I now concentrate on the Coptic legal papyri from Aphrodite, controversial as to their date.18 Dioscorus the poet, lawyer and teacher (ca. 520-585), known for his bilingual archive that included a Greek-Coptic glossary, wrote Coptic arbitrations for legal cases involving women. One records a dispute about the property of a deceased deacon being contested between two sets of his children, by a first and a second wife. A slightly earlier one records a dispute about property that is being ceded, property that was inheritedor notby the two sons of a woman’s two marriages.19 There has recently been an interesting suggestion20 that the complex legal situations brought about by multiple marriages in late antiquity were what generated more and more of this sort of paperwork. In the above two cases both plaintiffs, Victorine and Mesiane, were women.

The other, later Coptic Aphrodite documents also involve women as document originators in all four out of the four transactions. (In this bilingual, related assemblage, four texts are Coptic and three are Greek.) Widows (Thaumaste, Taham, Tsyra) sell and cede property, immovable (land) and movable (a farm wagon), and the second husband of one of those widows sells house property he has acquired control over through his wife’s having inherited it from her deceased first husband. (In the three related Greek documents a widow and an apparently single woman [Judith and Eudoxia] sell movable and house property.) Here we have women clients hiring both Coptic-writing and Greek-writing notaries (in one case a bilingual notary). Can one discern a pattern of women being more comfortable hiring Coptic notaries? I once thought so, but now am not sure. In the bilingual documentation preserved as records of the temporal affairs of the monastery of the Apostles founded by Dioscorus’ father Apollos,21 out of 28 texts, 6 are in Greek (3 leases, 2 contracts, 1 letter) and none involves a woman, while 22 are in Coptic of which 19 are letters (7 mentioning or greeting women; one mentions a woman requesting an arbitration). And yet when it came time for a widow without guardian22 to rent a town property with a courtyard from the governing body of that same monastery, in A.D. 563,23 the document of lease is in Greek. Finally, in the still unpublished Coptic material from Aphrodite24 only one of the eight texts involves a woman, and that is a letter to Dioscorus from someone describing herself as “his most humble sister”. So that conforms to the Coptic-epistolography pattern.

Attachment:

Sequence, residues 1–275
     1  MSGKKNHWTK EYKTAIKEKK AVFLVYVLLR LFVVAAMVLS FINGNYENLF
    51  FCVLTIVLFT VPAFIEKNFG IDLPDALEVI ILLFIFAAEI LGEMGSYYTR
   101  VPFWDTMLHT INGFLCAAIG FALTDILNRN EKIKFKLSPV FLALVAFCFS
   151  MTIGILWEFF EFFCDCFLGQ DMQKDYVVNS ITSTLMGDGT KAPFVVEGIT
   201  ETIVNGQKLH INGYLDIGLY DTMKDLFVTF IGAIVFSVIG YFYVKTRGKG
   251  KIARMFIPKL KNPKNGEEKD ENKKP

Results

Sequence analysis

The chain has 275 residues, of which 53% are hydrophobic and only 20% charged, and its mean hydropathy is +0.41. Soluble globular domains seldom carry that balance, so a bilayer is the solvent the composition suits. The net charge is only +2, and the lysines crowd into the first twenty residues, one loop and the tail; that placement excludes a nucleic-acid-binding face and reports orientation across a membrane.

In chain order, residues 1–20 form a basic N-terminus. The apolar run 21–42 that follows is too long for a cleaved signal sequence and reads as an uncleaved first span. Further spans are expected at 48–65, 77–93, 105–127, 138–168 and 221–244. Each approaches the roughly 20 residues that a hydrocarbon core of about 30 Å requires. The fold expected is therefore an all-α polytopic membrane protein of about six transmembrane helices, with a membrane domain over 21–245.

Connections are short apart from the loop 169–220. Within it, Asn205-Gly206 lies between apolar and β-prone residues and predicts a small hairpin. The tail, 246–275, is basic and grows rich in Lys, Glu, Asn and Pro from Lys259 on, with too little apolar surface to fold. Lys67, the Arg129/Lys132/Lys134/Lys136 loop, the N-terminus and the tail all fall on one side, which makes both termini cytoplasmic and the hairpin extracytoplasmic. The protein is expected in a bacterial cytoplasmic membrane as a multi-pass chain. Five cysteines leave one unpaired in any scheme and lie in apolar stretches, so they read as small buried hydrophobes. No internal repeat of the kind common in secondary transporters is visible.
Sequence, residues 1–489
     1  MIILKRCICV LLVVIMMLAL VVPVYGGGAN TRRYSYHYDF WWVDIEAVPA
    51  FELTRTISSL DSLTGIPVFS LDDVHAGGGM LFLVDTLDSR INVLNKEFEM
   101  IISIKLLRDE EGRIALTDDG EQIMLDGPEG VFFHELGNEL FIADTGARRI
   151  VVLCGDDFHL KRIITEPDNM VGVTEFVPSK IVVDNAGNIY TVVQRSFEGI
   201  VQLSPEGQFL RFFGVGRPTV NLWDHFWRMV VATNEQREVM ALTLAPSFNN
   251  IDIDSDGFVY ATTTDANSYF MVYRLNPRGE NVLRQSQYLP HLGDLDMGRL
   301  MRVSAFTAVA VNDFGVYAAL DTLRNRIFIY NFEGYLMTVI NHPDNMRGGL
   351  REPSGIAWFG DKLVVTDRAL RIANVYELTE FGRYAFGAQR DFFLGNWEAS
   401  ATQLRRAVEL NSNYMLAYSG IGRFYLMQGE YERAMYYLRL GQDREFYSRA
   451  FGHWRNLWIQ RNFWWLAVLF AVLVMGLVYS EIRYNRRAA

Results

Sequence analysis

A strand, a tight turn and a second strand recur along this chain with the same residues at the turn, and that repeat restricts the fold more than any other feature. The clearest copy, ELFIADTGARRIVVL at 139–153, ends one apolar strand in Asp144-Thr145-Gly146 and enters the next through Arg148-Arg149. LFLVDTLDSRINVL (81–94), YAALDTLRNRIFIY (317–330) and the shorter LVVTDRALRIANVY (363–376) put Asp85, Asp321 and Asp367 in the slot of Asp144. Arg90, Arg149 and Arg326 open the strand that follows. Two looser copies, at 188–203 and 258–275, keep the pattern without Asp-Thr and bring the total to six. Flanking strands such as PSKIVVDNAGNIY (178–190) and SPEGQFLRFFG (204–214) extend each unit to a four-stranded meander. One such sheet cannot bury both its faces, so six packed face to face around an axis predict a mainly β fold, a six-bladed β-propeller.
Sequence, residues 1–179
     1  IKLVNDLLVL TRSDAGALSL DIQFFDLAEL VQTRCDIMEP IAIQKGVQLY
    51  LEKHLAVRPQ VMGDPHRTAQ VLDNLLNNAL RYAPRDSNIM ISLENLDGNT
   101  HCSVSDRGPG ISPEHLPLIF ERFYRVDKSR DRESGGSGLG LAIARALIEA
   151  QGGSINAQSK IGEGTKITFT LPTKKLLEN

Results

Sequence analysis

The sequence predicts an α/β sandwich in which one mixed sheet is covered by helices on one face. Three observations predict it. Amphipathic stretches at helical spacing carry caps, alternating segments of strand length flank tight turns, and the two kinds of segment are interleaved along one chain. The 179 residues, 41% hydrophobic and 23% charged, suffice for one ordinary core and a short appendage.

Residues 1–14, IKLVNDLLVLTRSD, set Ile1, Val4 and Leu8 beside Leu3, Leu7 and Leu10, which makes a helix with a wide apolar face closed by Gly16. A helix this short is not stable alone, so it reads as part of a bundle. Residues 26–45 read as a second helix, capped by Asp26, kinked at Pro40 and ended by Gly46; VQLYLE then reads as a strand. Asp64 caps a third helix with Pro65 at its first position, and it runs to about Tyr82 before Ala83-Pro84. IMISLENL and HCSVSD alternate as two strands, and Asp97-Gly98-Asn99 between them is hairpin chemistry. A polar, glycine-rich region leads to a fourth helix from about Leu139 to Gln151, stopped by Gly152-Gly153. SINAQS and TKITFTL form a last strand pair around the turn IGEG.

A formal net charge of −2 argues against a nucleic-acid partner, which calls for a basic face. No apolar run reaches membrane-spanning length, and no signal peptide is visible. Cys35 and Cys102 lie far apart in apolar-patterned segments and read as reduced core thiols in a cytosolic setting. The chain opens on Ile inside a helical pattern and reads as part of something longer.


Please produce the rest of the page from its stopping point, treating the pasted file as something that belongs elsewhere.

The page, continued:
If you were an educated and propertied woman in this bilingual society, what might it have meant to make the choice of commissioning a notary to use Coptic, in order to record your transaction in a medium worthy to be kept in your family archive?25 Did availability of scribes help determine language choice? Who was on hand with affordable services and adequate legal knowledge and phrase-generating competence to create the document you needed? Where would it be kept? Practical transactional needs were also a factor, including the domain of an interaction (family; employment of any, such as textile production; religion;26 education). Was the interaction directed outward towards possible government oversight or inward toward one’s own circle? Or both? Did inheritance practices, and women’s power to inherit property and dispose of it themselves,27 in late antique Egypt28 prompt those women to turn to the vernacular for the documents they needed?

I should like to adduce two church-related factors in making a choice of Coptic: religious buildings decorated with texts29 and preaching. In the sixth century we encounter built environments with walls covered in Coptic texts, a walk through which was (for those who could read) a short course of indoctrination: the Monastery of Epiphanius is our prime example.30 Being steeped in such a surrounding might well have prompted an elite woman to commission a Coptic-language notary for recording a transaction, especially one in which the property had been or was going to be church-owned.31

Homiletic in Egyptian was also a factor in the educational and cultural background of the time.32 Coptic preaching made creative use of the rules of classical rhetoric in the construction of a church power that depended upon landed and economic power.33 Female congregants who heard sermons in Coptic embedded in bilingual liturgies were experiencing through hearing what has been characterized as “the compenetration of document and literature,”34 and “the use of literary culture for practical and pragmatic ends ... the ‘documentarisation’ of literature and the ‘literarisation’ of the document ... the emergence of a new culture of writing.”35 As classical Greek rhetoric was the core curriculum subject for anyone studying to be a notary,36 it was a natural mode of expression for a practitioner over one-third of whose vocabulary was already Greek.37 The combination embeddedness and prestige of rhetorical Greek gave rise to the functional Fachprosa that documents were made of. This rhetorical sophistication enabled what we might think of as a kind of ‘Law French’ of its day.38 Women experienced rhetoric in and through Coptic preaching, and this experience might well have led them to employ Coptic-language notaries, clerical or lay.39 However, the church surrounding impinged upon both sexes, so gender does not appear to play a role in language choice stemming from such effects.